On March 18, 1958, the Trappist monk and mystic, Thomas Merton, had an experience that he described this way:

“In Louisville, at the corner of Fourth and Walnut, in the center of the shopping district, I was suddenly overwhelmed with the realization that I loved all those people, that they were mine and I theirs, that we could not be alien to one another even though we were total strangers.

“Then it was as if I suddenly saw the secret beauty of their hearts, the depths of their hearts where neither sin nor desire nor self-knowledge can reach, the core of their reality, the person that each one is in God’s eyes. If only they could all see themselves as they really are. If only we could see each other that way all the time. There would be no more war, no more hatred, no more cruelty, no more greed . . .I supposed the big problem would be that we would fall down and worship each other. But this cannot be seen, only believed and “understood” by a peculiar gift.”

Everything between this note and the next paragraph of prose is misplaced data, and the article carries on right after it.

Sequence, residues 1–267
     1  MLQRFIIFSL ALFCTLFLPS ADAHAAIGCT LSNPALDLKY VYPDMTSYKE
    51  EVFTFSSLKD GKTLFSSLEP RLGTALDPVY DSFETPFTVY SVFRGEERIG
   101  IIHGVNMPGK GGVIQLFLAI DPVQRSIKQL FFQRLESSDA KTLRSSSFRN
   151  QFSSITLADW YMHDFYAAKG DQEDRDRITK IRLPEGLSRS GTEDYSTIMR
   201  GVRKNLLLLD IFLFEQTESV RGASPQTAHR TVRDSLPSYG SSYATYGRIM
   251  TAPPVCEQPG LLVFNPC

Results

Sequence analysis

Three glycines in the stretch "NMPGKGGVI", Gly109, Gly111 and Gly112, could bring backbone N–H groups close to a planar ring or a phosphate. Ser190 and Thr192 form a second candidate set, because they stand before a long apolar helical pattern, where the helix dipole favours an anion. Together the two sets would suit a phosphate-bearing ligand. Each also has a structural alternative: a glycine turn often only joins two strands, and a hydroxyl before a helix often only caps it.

During my years of working in corporations as a consultant, I was always struck by the difference between the people who practiced competition versus cooperation. People who treated “the competition” as the enemy rather than as an ally, (and believed in “killing the competition”) were normally unhappy, angry, and frustrated. Those who cooperated with the so-called competition built valuable and lucrative partnerships and were able to expand their business–and these were the happy people! When you view “competitors” as potential allies all of your possibilities expand and your personal satisfaction and happiness can grow into something much more powerful than “crushing the competition.”

To express love has always been the enlightened, compassionate path no matter what area of life. Unfortunately, most of us have learned to compete rather than cooperate. The shift to cooperation is to take the road less traveled and it can make all the difference in our lives.